More a promotional device for Steven Levitt and Stephen Dubner’s bestseller about the economics of everyday existence than a stand-alone documentary, Freakonomics offers food for thought but isn’t as wonky as you hope it will be. The authors gave four ideas to four different filmmakers. Morgan Spurlock tackled the issue of whether or not the name one receives at birth determines one’s destiny (no, but it may indicate how you will be raised); Alex Gibney looked into corruption by way of sumo and the 2008 financial meltdown; Eugene Jarecki illustrated Levitt’s theory that the drop in U.S. crime in the 90s had something to do with the legalization of abortion in 1973; and Heidi Ewing and Rachel Grady chronicle an experiment where ninth graders were offered cash incentives to keep their grades up. Of the four, only Jarecki’s offers the sort of “economics” the book is famous for. The rest are subjective sociological studies, and are no less fascinating for being sociological studies. But they hardly say anything really new or startling. (photo: Freakonomics Movie LLC)
It seems a little late, not to say redundant, to go through another history and analysis of the global financial meltdown of 2008. We know the culprits, and even if we still don’t understand the mechanics of what went down, it’s clear that venality and greed were at the bottom of it all so screw them. Charles Ferguson, however, believes that’s not enough. If these men (and they’re almost all men) deserve our animosity then we need to know exactly what they did and why they did it. In the end, understanding those details permits us to resent them even more, because our convictions are more justifiable. The ultimate question is: Does it make a difference? Ferguson’s explication is the most lucid I’ve seen so far. With access to a bigger budget than most doc fillmakers have these days, Ferguson uses his slick graphics and superior production values to make cogent what was often merely confounding on the page, in particular the world of derivatives that acted as the locomotive to the end of the world. He walks us through the Reagan-era orgy of deregulation and the subsequent “securitization food chain” that rendered all possible financial transactions as tradeable securities, most prominently home mortgages. The housing bubble was basically a function of securitization, since banking firms made more money from the mortgages they bought, thus spurring lenders to lend more, even to people who obviously couldn’t afford it. The lynch pin in this scheme was that the “customers” for the securities were insured, which meant there was theoretically no risk and therefore no reason to put on the brakes. Ferguson matter-of-factly posits this scenario as greedy business as usual, and thus places the bulk of the blame on federal regulators, who, since they were the products of this culture themselves, didn’t regulate at all. By the time the bottom fell out of the housing market, it was too late. Where Ferguson’s approach proves invaluable is in his quest for accountability. The usual subjects, unsurprisingly, opt to not talk to him, but a lot of people do, and not just those who predicted the mess many years ago. Though narrated by Matt Damon with admirable restraint, Ferguson himself conducts the on-camera interviews, sitting off-camera but making sure his questions, replete with sarcasm and withering queries (“Do you actually believe that?”), are heard on the soundtrack. His main targets of derision are the academics, like Harvard’s John Campbell, who whored out their reputations as celebrity economists in support of the financial industry’s larcenous policies. Watching them squirm or lash out defensively, however, provides cold comfort since, as Ferguson so undelicately points out, they’re doing it again. If the doc’s final minutes feel a bit sentimental about the death of the American dream, it doesn’t make it any less true.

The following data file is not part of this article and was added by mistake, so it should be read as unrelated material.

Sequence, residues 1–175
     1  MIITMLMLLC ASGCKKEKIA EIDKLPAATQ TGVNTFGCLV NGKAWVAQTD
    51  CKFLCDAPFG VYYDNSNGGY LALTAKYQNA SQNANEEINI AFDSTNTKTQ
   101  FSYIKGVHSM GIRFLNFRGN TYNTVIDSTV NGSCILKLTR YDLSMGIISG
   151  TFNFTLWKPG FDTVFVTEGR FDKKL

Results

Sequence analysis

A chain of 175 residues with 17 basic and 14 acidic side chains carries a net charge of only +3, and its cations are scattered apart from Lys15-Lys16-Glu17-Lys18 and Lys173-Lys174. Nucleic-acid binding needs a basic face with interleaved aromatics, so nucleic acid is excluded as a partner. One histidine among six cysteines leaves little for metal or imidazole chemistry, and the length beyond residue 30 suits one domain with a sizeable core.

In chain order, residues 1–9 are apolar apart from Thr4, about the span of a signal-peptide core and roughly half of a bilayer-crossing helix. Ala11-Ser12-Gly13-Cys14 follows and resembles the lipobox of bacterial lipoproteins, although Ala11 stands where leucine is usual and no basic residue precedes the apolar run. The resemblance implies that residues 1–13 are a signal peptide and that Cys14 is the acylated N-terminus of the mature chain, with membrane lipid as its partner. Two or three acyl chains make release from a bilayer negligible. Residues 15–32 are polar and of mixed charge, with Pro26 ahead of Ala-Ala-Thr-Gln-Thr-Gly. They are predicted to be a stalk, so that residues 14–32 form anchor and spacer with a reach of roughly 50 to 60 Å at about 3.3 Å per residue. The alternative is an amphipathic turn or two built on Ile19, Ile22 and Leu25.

Pirates of the Caribbean: On Stranger Tides
Both the Disney executive and the director who made the first Pirates of the Caribbean trilogy such a success are no longer with the franchise, but Johnny Depp is, which is all that matters. Thankfully, the producers of what promises to be a new trilogy have jettisoned the requisite romantic pairing of Keira Knightley and Orlando Bloom, who added nothing interesting to the first three movies. They have wisely decided to retain Geoffrey Rush, probably the best character actor in the English-speaking world. His Hector Barbossa is presented as the stereotypical pirate, all “yars” and bad teeth, but Rush infused the caricature with passion and personality. As a foil to Depp’s more idiosyncratic Jack Sparrow he’s indispensable. Even better, the producers bring on, for a one-shot, Ian McShane as Blackbeard, a more cartoonish but no less bloodthirsty version of McShane’s greatest creation, the ruthless town boss Al Swearington in the TV series Deadwood. The movie-watching experience doesn’t get any better than McShane and Rush growling at each other in campy high dudgeon. If the rest of On Stranger Tides doesn’t hold up it’s mainly because the reboot process feels so tedious. The main intrigue here is the search for the fabled Fountain of Youth. The Spanish have received intelligence of its location and are on their way to the Americas to secure it. Naturally, the English king, not to be outdone, wants to get there first, and hearing that Capt. Jack Sparrow has a map he has Barbossa, who has given up his pirate ways for a royal commission and a wig, capture him, but the wily Jack escapes only to be Shanghaied by Blackbeard, who wants the fountain for his own nefarious purposes. As it turns out his daughter, Angelica (Penelope Cruz), was once romantically involved with Jack, a situation that is played up too forcefully since one of Jack’s salient traits in the first trilogy was his total disregard for sexual involvement. The three-way race to the fountain is hindered by mutinies, an attack of mermaids, and lots of double-crossing. Director Rob Marshall has said that one of his missions is to bring the series back to zero, and for all its slick CG and fitful violence, the story is easier to follow than it’s been since the first movie, perhaps owing to the fact that it’s actually based on a novel. Nevertheless, Marshall can’t help throwing in needlessly lengthy non sequiturs such as Sparrow’s impersonation of a judge and the romantic subplot between a clergyman (Sam Claflin) and a mermaid (Astrid Berges-Frisbey) that seems thankfully limited to this story. Keith Richards returns for a brief, totally gratuitous cameo as Jack’s dad. Depp doesn’t need the help, but the character is no longer surprising, which means the series isn’t either. (photo: Disney Enterprises)